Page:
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In industrial metals, demand for intermediate and raw materials like alumina and base metals concentrates continues to grow much faster than imports of metal.

22 Jan 2013

Commodity Online
Barclays expects zinc import demand of China to remain strong since, after a recent clamp down on copper financing, zinc now appears to be the metal of choice for this type of business, the Bank said in a recent report.

In industrial metals, demand for intermediate and raw materials like alumina and base metals concentrates continues to grow much faster than imports of metal.

Although imports of alumina may slow this year, Barclays expects import demand for copper concentrate and nickel ores to continue growing at the expense of metal demand as more metal is produced by domestic processors.

The flipside of this is that demand for metals imports in many sectors could be flat to down and the weakness in China’s copper imports in particular is likely to persist.

December proved a mixed month for China’s commodity imports. Imports of some important agricultural commodities like corn and wheat fell quite sharply, whilst refined copper imports continued to trend steadily lower, but crude oil imports maintained their Q4 surge.

"These differing patterns show that, as China’s importance in commodities markets grows, its impact is becoming more diverse with relative prices and differences in stocking cycles becoming as important, if not more so, than the underlying economic growth trend." the Bank said.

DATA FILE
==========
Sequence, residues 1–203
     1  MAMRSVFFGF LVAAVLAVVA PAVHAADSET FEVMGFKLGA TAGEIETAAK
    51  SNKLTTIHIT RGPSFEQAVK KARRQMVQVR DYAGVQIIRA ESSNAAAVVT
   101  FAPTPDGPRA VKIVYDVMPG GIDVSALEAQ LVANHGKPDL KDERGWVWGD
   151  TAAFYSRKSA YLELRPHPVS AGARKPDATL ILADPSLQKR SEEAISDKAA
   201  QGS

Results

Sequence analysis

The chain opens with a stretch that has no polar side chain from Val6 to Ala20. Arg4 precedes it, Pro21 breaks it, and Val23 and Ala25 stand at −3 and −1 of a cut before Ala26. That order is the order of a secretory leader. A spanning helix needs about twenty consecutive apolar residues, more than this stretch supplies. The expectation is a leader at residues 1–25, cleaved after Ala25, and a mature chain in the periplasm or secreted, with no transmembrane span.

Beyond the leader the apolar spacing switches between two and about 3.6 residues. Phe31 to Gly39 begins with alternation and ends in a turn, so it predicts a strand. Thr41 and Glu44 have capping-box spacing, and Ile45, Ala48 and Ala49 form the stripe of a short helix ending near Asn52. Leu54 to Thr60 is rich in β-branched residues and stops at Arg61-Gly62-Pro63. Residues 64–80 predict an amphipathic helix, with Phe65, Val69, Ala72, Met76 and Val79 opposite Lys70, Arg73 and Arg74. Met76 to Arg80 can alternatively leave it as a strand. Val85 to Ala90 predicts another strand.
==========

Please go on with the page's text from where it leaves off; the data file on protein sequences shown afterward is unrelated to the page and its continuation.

As China’s recovery takes root, the impact is likely to be felt to very different degrees in its import demand for different commodities.

Many of the trends evident in the Q4 data are ones we expect to persist into 2013.

In oil markets the strength of Q4 demand partly reflects the start-up of new refining capacity and a surge in product exports as well as better domestic demand for gasoline and diesel, plus lower fuel oil imports to feed small local refiners.

“We expect all these issues to be important in 2013 and, although the recent pace of y/y growth in oil demand of almost 800kbpd will not be maintained, we still forecast a sizeable increase in demand growth from 330kbpd in 2012 to 460kpb in 2013.” Barclays said.

In agricultural commodity markets, imports continued to be volatile on a month-on-month basis especially for corn which fell by a third in December.

However, that volatility is taking place around a strongly increasing trend. 2012 marked a record for corn and soybeans imports and an 8-year high for wheat.

However, whilst Barclays expects soybean imports to continue setting fresh highs,that is less likely in corn where a very big expansion in domestic supply raises the risk of a decline in China’s corn import demand in 2013.


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